In offset printing, however, each of the standard CMYK colours has its own print station. Spot colours are formed through the combination of process colours. Offset printing uses oil- or water-based inks that require more drying time and are best suited for absorbent paper-based substrates. The specific nature of offset inks delivers a superior depth of colour and detail, which is crucial for high-end graphical prints.


The choice of substrates is another area where flexo and offset printing diverge significantly.

Flexo’s versatility allows it to print on a broad spectrum of materials, from flexible packaging to corrugated cardboard, from absorbent to non-absorbent materials like foil, cellophane, fabric, metal, cardboard, or plastic. Thus, it is highly adaptable for various application, such as envelopes, retail bags, wallpapers, newspapers, labels, etc.

Offset printing excels on paper products, offering unparalleled quality and finesse on flat, smooth surfaces. Its application lies in printing on materials like metal, cardboard, vinyl, and paper. It is less adaptable to the wide range of materials that flexo can handle with ease.

Making the Right Choice for Your Business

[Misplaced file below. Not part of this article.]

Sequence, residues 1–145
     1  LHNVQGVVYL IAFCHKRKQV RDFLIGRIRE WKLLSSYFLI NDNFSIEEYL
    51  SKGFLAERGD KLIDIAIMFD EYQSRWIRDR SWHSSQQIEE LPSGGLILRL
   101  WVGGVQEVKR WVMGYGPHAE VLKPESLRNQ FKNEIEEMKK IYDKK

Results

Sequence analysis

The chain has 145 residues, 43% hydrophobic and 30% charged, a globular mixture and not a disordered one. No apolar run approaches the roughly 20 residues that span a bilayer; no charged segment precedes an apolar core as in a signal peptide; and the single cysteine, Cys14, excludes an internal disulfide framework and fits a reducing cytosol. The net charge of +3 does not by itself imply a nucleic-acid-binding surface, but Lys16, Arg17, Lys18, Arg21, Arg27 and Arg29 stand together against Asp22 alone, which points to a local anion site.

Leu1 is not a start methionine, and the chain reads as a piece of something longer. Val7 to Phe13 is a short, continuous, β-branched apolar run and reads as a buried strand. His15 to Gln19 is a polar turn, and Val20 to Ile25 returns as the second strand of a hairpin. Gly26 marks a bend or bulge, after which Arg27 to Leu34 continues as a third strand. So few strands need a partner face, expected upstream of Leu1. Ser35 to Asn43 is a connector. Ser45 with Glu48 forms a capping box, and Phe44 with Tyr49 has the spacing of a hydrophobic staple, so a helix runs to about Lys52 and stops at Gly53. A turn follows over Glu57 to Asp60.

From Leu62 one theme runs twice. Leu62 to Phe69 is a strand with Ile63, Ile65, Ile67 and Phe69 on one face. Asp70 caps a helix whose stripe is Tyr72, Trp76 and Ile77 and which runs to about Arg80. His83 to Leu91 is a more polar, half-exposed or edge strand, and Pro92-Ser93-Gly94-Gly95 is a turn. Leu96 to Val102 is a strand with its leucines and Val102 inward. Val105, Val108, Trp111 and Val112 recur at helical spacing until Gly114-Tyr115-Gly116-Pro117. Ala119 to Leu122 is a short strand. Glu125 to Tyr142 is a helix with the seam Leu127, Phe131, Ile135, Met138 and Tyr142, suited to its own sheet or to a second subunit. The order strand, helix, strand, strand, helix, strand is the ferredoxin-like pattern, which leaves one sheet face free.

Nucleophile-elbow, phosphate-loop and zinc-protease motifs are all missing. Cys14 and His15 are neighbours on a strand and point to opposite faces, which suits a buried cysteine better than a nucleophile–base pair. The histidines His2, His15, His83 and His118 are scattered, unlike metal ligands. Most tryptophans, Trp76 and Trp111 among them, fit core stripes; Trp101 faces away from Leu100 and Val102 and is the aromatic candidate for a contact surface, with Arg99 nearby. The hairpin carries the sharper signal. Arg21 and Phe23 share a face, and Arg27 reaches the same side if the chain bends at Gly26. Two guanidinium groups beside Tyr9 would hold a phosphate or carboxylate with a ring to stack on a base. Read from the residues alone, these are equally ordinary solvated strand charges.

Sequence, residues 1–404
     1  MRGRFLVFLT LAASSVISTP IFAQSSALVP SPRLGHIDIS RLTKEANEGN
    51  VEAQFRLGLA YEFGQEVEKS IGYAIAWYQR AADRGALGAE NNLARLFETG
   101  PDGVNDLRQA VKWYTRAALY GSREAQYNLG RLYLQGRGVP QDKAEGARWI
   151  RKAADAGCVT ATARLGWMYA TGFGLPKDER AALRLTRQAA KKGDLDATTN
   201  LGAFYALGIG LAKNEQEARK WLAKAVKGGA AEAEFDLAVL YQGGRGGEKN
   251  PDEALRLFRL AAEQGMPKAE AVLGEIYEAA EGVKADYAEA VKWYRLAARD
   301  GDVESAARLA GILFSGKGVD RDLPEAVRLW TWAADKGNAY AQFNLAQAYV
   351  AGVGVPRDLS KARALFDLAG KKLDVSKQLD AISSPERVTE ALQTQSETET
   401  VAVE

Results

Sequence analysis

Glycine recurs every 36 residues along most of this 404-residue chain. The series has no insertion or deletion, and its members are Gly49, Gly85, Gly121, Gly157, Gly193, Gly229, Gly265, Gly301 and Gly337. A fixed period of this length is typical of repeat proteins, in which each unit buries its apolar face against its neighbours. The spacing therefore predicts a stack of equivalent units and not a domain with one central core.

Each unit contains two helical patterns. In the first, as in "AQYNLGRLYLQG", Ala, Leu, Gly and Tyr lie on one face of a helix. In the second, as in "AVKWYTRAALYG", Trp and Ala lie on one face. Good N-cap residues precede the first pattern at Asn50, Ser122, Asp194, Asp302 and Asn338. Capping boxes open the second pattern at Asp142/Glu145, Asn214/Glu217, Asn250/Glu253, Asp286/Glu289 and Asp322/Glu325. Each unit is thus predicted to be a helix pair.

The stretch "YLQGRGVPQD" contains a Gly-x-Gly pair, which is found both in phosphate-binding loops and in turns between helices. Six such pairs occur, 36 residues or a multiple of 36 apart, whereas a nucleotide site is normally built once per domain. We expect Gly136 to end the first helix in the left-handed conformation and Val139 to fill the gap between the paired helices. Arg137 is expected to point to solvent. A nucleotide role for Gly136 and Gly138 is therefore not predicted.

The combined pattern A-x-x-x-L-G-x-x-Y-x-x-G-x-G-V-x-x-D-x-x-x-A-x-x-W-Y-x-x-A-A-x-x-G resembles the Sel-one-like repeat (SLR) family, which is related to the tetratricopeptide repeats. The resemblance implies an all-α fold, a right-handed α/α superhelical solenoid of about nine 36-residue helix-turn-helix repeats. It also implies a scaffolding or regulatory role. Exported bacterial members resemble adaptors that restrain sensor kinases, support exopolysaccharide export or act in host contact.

When deciding between flexo and offset printing for your business, consider the specific requirements of your project. Flexo printing, with its broad substrate compatibility, fast-drying inks, and cost-effectiveness for high-volume orders, is particularly well-suited for packaging and labels. The technique’s adaptability and efficiency in producing large quantities make it slightly more favourable for businesses looking for flexibility and speed.

Offset printing, though, is unmatched in quality for detailed graphic work on paper materials, making it ideal for projects where visual excellence is paramount. Its suitability for high-quality brochures, magazines, and other graphic-intensive products cannot be overstated.

However, for most packaging applications and projects requiring versatility and rapid production, flexo printing emerges as the method of choice. Its ability to print on a vast array of substrates, coupled with technological advancements improving quality and efficiency, positions flexo as a highly adaptable and cost-effective solution for businesses seeking to balance quality with economic considerations.